Get Ready for Reconciliation
Democrats have flipped both Georgia Senate seats from the Republicans, resulting in the US Senate being split 50/50. With the Vice President as a tie-breaker vote when needed, that gives control of the Senate to Democrats, to which Senate Democratic Leader Chuck Schumer tweeted “Buckle up!”. This will make it much easier for them to confirm their appointees for the new administration, and there are rumors that the still vacant Secretary position in the Department of Labor (DOL) may go to a more progressive candidate.
It takes 60 votes to “invoke cloture” in the US Senate and avoid a filibuster, so Democrats are not likely going to be able to push through some of their most progressive initiatives (unless they try to remove the filibuster, which Democratic Senator Joe Manchin has promised to block as he calls for a “new era of bipartisanship”).
Items that are most possible are those that can be accomplished through a “reconciliation” process that only requires 51 votes but must have a direct impact on federal spending. These could include:
- $2,000 stimulus checks and another $1 trillion in COVID-19 relief measures (noting Dr. Anthony Fauci has indicated it may be late 2021 before restrictions can begin to be lifted, which could leave many businesses unable to operate at normal capacity for several more months)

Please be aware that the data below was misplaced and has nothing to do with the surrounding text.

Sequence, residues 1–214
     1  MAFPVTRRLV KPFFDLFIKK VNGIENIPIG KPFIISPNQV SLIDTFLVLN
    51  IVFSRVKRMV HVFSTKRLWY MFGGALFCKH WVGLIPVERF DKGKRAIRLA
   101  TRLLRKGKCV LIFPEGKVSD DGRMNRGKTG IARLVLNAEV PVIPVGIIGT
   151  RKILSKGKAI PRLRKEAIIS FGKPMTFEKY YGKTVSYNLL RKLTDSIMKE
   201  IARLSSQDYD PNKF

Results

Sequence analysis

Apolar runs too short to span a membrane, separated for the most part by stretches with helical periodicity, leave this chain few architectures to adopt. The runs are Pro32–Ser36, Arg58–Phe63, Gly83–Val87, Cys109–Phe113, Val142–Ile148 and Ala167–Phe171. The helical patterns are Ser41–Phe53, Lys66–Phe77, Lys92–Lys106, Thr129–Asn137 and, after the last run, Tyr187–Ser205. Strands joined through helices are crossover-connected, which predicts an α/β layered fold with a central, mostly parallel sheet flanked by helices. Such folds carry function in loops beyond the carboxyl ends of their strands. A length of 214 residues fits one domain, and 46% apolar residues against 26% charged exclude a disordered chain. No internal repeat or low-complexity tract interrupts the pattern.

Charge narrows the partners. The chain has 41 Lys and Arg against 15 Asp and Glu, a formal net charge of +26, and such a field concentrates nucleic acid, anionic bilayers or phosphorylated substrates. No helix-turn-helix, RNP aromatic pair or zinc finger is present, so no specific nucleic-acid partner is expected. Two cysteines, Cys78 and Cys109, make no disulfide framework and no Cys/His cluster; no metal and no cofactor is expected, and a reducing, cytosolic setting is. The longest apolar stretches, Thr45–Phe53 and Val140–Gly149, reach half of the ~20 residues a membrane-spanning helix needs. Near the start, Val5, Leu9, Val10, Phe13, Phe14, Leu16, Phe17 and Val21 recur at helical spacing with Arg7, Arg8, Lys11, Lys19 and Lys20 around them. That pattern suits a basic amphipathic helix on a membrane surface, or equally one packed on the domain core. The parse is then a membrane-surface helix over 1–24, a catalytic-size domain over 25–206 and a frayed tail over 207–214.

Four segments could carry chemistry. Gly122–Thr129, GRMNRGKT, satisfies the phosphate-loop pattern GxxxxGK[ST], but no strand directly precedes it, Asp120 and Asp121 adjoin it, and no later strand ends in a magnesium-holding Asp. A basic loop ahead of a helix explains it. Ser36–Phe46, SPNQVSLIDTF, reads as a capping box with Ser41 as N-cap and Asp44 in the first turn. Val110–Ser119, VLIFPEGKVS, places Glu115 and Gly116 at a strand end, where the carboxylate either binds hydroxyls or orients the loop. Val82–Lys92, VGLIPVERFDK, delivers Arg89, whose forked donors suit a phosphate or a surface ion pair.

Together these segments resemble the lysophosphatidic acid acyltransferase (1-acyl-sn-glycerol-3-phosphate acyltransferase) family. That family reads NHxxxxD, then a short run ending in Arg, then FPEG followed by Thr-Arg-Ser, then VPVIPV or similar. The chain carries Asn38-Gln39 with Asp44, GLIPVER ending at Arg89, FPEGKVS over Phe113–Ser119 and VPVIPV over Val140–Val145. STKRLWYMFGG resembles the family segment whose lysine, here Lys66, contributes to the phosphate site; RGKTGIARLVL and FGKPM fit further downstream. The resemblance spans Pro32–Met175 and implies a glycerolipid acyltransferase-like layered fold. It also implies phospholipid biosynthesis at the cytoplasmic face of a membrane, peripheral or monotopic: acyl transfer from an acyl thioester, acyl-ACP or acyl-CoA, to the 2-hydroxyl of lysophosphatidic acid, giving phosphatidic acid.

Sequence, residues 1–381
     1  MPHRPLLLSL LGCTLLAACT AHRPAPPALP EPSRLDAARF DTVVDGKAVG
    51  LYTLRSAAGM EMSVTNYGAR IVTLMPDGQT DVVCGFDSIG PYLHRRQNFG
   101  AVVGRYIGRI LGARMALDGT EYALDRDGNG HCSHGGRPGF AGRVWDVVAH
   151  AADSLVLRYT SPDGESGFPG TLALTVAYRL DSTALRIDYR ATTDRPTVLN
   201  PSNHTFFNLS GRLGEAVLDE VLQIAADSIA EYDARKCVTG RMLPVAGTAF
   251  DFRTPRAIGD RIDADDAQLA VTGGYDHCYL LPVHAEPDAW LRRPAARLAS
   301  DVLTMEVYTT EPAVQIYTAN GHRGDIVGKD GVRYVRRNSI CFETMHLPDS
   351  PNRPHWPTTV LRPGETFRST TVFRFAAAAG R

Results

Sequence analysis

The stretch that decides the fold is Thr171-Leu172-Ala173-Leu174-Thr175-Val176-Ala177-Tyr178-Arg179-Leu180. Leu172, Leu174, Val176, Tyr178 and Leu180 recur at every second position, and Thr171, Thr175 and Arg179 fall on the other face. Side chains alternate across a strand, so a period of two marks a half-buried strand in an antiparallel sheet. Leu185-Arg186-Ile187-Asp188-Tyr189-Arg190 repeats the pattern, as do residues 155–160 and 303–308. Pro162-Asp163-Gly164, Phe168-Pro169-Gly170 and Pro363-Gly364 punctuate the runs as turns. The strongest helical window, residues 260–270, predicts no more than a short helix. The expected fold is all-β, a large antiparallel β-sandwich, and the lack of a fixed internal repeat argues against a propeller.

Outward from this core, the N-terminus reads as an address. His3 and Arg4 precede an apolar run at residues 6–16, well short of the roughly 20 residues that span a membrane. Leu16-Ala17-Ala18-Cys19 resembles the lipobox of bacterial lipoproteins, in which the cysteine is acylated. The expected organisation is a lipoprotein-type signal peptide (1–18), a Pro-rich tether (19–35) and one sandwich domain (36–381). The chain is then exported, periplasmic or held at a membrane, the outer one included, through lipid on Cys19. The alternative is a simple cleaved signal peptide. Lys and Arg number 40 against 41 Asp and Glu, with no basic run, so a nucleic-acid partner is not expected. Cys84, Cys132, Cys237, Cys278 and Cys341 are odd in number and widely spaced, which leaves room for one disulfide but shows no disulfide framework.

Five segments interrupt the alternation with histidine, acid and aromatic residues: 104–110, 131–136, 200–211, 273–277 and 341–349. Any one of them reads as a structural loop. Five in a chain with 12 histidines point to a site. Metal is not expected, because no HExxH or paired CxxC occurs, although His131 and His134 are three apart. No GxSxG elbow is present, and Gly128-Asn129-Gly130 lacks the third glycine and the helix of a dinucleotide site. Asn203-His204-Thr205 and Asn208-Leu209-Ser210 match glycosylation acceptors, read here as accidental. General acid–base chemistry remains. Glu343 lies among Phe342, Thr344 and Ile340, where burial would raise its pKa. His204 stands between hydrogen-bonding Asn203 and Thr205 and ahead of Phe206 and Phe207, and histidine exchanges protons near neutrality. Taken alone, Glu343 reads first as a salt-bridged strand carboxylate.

- Tax reforms to significantly alter the changes made under the Tax Cuts and Jobs Act of 2017
- The TCJA was originally able to pass by utilizing the reconciliation process
- The TCJA had reduced the ACA’s individual mandate penalty to $0, so a new reconciliation measure could restore the penalty and potentially render the lawsuit against the ACA moot
- Infrastructure advancement
- Climate legislation
IMA will continue to monitor legislative and regulatory guidance and offer meaningful, practical, timely information.
This material should not be considered as a substitute for legal, tax and/or actuarial advice. Contact the appropriate professional counsel for such matters. These materials are not exhaustive and are subject to possible changes in applicable laws, rules, and regulations and their interpretations.